New articles in Wealth inequality: possible corrections

Can a civil-war society be re-united by lumping all into the military? Ambika Satkunanathan considers current Sri Lanka. (click)

Joseph Stiglitz praises the way Singapore has been able to develop without the rising inequality of almost all other places. (click)

Sven Eberlein describes the cooperative alternative to contemporary capitalism. (click)

Paul Buchheit contrasts US inequalities eloquently and proposes a new style of taxation. (click)

Sheila Bair outlines three ways to tame Wall Street in her essential new book. (click)

Posts below are from May 2012 to January 2013

Bob Burnett suggests closing 10 tax loopholes to reduce debt.


Bernie Sanders says the real Washington battle is for the <soul of America.> This speech summarizes our economic situation brilliantly. It needs wide circulation. <Despite the reality that the rich are becoming much richer while the middle class collapses and the number of Americans living in poverty is at an all-time high, the Republicans and their billionaire backers want more, more, and more. The class warfare continues.>


Eduardo Porter reviews an important study comparing the costs and benefits of public and private corporations.


Zapatistas give a lesson in protest with dignity.


Robert Reich says job creation a more important goal than deficit reduction.


Mark Karlin interviews Richard Wolff on his new book describing a better capitalism than our present form.


Nonviolence works better. New study of 323 movements between 1900 and 2006 show the overwhelming superiority of nonviolence.


Watch or read the farewell speech of Dennis Kucinich.


Annette Bernhardt & Dorian Warren remind  us of five existing ways to fix inequality.


Susie Madrak reviews entrepreneurship among top 1 percent and finds it to be 3.6 percent.


Watch Radhika Balakrishnan with Laura Flanders argue against austerity programs.


Gar Alperovitz. Another chapter from his Beyond Capitalism.


Steven Rosenfeld on ways to correct our failing democracy.


Watch Bernie Sanders on the latest plan to cut taxes for the wealthy.


Dean Baker argues that “ the massive upward redistribution of income” was not caused by technology Baker-120717-952.html


Excerpt from Chris Hayes’ new book on the problems of extreme inequality that produces : “its own particular kind of elite pathology: it makes elites less accountable, more prone to corruption and self-dealing, more status- obsessed and less empathic, more blinkered and removed from informational feedback crucial to effective decision making…..As American society grows more elitist, it produces a lesser caliber of elites.”


Income inequality and union membership vary inversely. No surprise? Or just a case of post hoc ergo propter hoc? I see it as one of those striking cases where empirical data makes the correct historical explanations more certain. A chart for every phone booth. decline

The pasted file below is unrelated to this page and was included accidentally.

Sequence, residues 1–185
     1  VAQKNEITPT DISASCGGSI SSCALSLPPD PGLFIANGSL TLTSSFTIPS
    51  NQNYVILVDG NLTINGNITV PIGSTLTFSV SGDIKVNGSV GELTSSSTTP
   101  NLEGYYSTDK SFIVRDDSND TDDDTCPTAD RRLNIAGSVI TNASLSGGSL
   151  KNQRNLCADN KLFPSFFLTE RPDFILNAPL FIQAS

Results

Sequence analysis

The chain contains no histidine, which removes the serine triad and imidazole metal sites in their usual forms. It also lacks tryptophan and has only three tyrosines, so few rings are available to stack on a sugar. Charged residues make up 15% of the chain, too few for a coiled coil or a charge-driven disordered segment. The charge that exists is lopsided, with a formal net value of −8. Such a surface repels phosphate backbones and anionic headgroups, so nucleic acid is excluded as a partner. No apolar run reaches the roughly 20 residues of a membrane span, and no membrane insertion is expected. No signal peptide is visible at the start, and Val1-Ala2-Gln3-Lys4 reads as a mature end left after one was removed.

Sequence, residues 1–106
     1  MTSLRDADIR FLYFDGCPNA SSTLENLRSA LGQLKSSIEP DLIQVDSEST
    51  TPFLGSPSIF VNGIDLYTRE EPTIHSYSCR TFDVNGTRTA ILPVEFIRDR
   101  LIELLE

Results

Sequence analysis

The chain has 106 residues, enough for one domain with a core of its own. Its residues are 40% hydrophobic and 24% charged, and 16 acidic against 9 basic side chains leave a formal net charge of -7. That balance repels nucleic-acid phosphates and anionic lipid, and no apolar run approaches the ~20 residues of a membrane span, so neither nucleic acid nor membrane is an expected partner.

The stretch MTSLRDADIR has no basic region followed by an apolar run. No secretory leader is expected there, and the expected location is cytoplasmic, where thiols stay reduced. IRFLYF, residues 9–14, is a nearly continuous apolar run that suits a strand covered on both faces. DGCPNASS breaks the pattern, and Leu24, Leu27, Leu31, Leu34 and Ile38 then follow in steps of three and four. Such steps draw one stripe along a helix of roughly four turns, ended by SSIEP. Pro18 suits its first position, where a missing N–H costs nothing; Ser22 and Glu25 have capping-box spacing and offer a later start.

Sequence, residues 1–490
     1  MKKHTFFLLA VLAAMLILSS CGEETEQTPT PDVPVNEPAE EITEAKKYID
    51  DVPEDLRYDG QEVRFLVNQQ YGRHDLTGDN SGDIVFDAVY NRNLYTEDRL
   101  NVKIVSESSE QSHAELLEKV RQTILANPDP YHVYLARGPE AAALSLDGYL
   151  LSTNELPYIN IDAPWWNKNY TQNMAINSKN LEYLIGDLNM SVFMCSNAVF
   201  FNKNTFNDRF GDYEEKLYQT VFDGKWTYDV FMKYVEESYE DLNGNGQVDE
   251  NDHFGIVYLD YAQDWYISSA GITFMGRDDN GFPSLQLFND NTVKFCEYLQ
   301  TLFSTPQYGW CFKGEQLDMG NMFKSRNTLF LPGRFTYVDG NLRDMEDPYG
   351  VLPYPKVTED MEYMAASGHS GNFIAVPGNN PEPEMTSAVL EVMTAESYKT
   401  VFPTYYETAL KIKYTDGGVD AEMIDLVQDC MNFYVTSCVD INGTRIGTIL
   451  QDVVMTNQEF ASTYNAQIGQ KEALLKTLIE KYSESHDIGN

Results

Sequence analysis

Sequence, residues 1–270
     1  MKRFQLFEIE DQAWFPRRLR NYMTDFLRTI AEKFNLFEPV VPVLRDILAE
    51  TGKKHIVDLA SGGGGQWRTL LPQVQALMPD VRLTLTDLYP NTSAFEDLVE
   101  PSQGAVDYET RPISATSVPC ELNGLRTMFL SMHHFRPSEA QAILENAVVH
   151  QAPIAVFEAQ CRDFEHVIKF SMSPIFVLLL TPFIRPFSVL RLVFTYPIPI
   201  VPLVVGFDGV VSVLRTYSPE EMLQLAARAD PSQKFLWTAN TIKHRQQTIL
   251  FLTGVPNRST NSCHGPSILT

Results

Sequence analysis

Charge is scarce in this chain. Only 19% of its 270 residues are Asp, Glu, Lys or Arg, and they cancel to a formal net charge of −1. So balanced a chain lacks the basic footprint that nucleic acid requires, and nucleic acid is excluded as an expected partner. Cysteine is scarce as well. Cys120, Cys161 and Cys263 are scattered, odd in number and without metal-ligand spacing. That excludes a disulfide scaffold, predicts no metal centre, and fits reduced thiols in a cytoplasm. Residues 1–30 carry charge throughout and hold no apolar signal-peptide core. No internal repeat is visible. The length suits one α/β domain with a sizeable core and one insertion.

Paul Buchheit compares figures on corporate and personal taxes, and the role of government subsidies in the former.


Ten academics weighin on issues of higher education and inequality. Special forum in Chronicle of Higher education cid=cr&utm_source=cr&utm_medium=en


Timothy Snyder reminds us of the powerful ideologues Ayn Rand and Friedrich Hayek — and their revival in the current GOP.


Why, how can art move people so profoundly? Francine Prose looks around and looks within, while contemplating MoMA’s Marina Abramovic retrospective.


Two columnists take opposite shots at the economy. David Brooks thinks the European examples will  (correctly) swing voters toward Republicans, while Paul Krugman criticizes Obama for being too imitative of Europeans.­ need – no-education.html ?ref=opinion

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Nation editors Katrina vanden Heuvel & Chris Hayes discuss his new book (16min)


Peter Beinart on the GOP uses of “class warfare”


Paul Ryan also brings Ayn Rand with him to the campaign. Read Jane Mayer’s post with its useful links to more on her.


Read this article by John Kozy and you will want to hear more from him. “Krugman and most other Americans are fond of blaming social problems on the personal failings of individuals rather than on the systemic failings of institutions….The Romans had an expression—cui prodest?—meaning ‘who stands to gain?’ Who advocates a specific view isn’t important; what is important is who stands to gain from it. Only then can who the view favors be known. But in today’s world, cui prodest? is too general a question. It is too easy to conjure up arguments that purport to show that many or even all gain. That everyone gains from tax cuts for the rich can be argued ad infinitum. But who stands to gain the most financially can’t.” Kozy reminds us not to settle for quick or popular answers but to look to the roots of problems. Does this make us radicals???


Paul Krugman defends macroeconomics, “the economics, which has, once again, been spectacularly successful.”


Two columnists take opposite shots at the economy. David Brooks thinks the European examples will  (correctly) swing voters toward Republicans, while Paul Krugman criticizes Obama for being too imitative of Europeans.­ need – no-education.html ?ref=opinion 06 /15/ opinion/brooks-what­ republicans-think.html?ref=opinion


George Lakoff on the framing of the campaign issue Lakoff-120618-632.html